Use this URL to cite or link to this record in EThOS: http://ethos.bl.uk/OrderDetails.do?uin=uk.bl.ethos.613598
Title: Real time motion tracking in image guided focused ultrasound intervention
Author: Xiao, Xu
ISNI:       0000 0004 5365 9968
Awarding Body: University of Dundee
Current Institution: University of Dundee
Date of Award: 2014
Availability of Full Text:
Access through EThOS:
Full text unavailable from EThOS. Restricted access.
Access through Institution:
Abstract:
Focused ultrasound surgery (FUS) or high intensity focused ultrasound (HIFU), is a promising technique for less- or non-invasively destroying unhealthy tissue deep inside the body, without damage to the skin or surrounding tissues. The procedure has been performed under both diagnostic ultrasound and MRI guidance. Treating cancers and metastases in the liver that are unresectable is a potential application for FUS. However the respiratory motion hindered FUS treatment of liver to become a completely non-invasive technique. The method is currently limited to breath-hold treatments under general anaesthesia that is uncomfortable for patients. The purpose of this study is to investigate key issues of US and MRI guided real-time target ablation when the target is in free breathing motion state which is similar to human liver motion. For the ultrasound guided focused ultrasound (USgFUS), diagnostic ultrasound B-mode image was used to track a moving target. The possibility of using strain sonoelastography to assess FUS lesion formation was explored. Multi-layered tissue mimicking phantoms were designed and fabricated to mimic the graphical features of tumours in human livers in diagnostic ultrasound images. The phantom was then fixed onto three motion setups: 1) controllable 1D reciprocal motion stage, 2) controllable 2D reciprocal motion stage, and 3) ventilator driven balloon to mimic breath motion. Active snake tracking was developed to follow the moving phantom to evaluate the tracking accuracy and speed. This method can achieve a speed of 5~6 frames/second with an error less than 1.0 mm. Strain sonoelastography is selected to assess lesion formation for FUS. Through comparisons of the elastograms between pre- and post-FUS around the focal zone, useful information about the FUS-induced lesions could be extracted from the elastographic artefacts. The performance of elastography to assess FUS lesion in egg-white Polyacrylamide (PAA) phantoms and fresh sheep livers was tested. The FUS lesions in the experiment samples (PAA phantoms and fresh sheep livers) were recognizable under strain sonoelastography after image processing. For MRI guided focused ultrasound (MRgFUS), a moving target with similar graphical features of tumours in human liver was tracked via analysing MRI scans. Then letting the ultrasound beam lock onto a moving target was realized via beam-steering by a phased-array HIFU transducer. An MR compatible robotic arm-INNOMOTION was introduced. A fast localization method was developed to make the robotic arm guided HIFU transducer more efficiently. What is more, it becomes a controllable reciprocal moving setup for investigating the raised issues of MRgFUS for motion tracking in this study. Two normal volunteers were scanned via MR scanner. The data was used to 1) design tissue mimicking phantoms with similar graphical features to the volunteer livers, 2) design respiratory motion simulator based on the estimated liver motion parameters, 3) and develop motion tracking algorithm based on the image features of the volunteer livers. The tissue mimicking phantoms appeared to be similar to the structures of volunteer livers in the MR echo planar imaging (EPI) scans. An experiment setup, in which the tissue mimicking phantoms was controlled to move reciprocally, was designed. The off-line MATLAB algorithm based on cross correlation proved to have an acceptable error less than 1.0 mm. A synchronization system between the target motion and beam-steering was built. Several key problems for motion tracking were studied including how to realize beam-steering with a phased-array transducer, how to map target location in the MR frame to the focus position in the transducer frame, and how to use a step-by-step local sonication series to approximate continuous beam-steering. The system’s performance was tested with a series of sonications, in which temperature rises were compared between when the target was moving with and without tracking. A primary conclusion can be made that tracking could decrease the impact of target movement in focused ultrasound ablation. Tracking could be considered as a compensatory method to liver motion caused by respiration during MRgFUS treatment. In conclusion, the thesis proposed a promising research direction to solve the issue of target motion in FUS treatment of human livers and other abdominal organs. The study achieved the target motion tracking both with diagnostic ultrasound and MRI guidance. The focus steering of HIFU transducer was realized accordingly in the MRgFUS, which can allow the focused ultrasound beam to follow a moving target. The strain sonoelastography had proved to become a potential method to assess FUS lesion formation. This study also brings more issues to be solved, e.g. the noise in diagnostic ultrasound during USgFUS tracking, real-time sonoelastography monitoring lesion formation, and new MRI thermometry that is less susceptible to target motion. The real-time image guided FUS would be more promising by overcoming these technical difficulties.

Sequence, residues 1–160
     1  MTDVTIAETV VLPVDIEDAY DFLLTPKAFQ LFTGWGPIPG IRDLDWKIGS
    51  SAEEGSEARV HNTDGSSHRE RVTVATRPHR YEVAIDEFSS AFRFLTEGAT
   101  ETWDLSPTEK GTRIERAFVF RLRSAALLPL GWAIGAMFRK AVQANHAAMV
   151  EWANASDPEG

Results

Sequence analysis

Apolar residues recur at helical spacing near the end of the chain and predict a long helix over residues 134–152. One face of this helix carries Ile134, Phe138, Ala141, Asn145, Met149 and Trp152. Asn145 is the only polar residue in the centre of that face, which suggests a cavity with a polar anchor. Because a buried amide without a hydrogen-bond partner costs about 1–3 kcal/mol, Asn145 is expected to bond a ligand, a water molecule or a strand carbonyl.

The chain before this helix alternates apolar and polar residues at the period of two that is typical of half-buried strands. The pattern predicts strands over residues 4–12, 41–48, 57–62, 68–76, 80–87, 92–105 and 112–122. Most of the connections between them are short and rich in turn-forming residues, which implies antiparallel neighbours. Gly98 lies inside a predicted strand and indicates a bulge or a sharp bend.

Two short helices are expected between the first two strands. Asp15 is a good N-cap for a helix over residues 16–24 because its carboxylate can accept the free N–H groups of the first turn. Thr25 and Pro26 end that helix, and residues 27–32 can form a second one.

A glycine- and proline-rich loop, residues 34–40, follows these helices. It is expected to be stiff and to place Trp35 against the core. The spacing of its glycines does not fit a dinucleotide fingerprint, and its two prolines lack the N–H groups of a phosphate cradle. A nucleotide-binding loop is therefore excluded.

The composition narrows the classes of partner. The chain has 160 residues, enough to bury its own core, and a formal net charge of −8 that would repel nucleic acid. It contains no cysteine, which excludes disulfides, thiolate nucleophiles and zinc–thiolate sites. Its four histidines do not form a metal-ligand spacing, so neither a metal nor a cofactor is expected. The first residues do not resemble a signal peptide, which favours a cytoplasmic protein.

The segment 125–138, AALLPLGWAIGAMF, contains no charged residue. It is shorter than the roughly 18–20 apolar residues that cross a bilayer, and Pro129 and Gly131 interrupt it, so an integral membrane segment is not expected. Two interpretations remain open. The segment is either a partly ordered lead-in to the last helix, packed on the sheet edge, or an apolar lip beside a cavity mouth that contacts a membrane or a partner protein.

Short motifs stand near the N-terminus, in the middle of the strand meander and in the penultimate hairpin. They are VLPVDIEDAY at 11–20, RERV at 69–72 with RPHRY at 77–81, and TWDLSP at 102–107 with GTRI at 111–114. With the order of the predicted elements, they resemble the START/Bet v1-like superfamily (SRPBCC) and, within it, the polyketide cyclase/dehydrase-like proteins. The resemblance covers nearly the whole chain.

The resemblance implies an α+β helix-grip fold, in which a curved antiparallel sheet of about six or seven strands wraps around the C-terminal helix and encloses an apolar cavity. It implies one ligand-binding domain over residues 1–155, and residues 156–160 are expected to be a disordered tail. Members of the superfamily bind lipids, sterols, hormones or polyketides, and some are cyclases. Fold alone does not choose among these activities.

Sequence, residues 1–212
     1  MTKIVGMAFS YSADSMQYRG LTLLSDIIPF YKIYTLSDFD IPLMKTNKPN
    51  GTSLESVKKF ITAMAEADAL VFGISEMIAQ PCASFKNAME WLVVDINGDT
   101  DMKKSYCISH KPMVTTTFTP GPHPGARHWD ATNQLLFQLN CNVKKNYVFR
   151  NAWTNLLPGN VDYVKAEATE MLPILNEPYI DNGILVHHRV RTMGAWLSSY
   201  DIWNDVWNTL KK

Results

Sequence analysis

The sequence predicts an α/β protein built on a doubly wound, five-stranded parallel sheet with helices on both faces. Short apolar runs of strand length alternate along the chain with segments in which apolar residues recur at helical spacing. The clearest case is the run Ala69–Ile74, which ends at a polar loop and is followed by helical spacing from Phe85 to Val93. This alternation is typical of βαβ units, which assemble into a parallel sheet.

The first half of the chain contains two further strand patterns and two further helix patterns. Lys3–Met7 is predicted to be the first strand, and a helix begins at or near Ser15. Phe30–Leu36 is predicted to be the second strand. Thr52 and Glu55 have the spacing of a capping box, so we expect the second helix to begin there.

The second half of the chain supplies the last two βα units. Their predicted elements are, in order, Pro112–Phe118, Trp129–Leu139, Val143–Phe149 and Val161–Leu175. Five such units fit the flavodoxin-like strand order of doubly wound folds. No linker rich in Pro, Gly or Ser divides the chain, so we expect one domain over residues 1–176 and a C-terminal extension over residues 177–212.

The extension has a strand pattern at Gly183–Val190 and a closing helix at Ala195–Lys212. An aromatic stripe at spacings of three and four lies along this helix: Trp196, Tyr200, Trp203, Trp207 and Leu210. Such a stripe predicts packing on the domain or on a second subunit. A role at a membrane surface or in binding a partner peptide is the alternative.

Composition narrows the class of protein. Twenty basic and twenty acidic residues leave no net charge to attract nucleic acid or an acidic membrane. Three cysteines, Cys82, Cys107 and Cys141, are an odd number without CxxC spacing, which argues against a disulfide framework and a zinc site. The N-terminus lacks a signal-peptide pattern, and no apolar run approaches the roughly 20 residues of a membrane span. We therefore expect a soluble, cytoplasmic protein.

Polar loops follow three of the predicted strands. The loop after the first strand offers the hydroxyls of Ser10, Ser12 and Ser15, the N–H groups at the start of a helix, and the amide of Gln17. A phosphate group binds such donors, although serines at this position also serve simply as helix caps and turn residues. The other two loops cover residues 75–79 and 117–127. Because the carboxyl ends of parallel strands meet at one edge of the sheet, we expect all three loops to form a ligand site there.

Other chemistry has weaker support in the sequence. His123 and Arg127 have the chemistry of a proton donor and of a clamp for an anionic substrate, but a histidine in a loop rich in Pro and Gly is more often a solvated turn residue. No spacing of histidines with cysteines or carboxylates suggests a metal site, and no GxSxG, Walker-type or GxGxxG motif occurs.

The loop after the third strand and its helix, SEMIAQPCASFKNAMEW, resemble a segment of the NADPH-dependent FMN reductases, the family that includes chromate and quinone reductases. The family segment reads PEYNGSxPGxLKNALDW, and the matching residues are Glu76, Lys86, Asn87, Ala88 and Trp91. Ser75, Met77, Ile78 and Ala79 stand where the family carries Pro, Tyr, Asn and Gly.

Supervisor: Huang, Zhihong Sponsor: Not available
Qualification Name: Thesis (Ph.D.) Qualification Level: Doctoral
EThOS ID: uk.bl.ethos.613598  DOI: Not available
Share: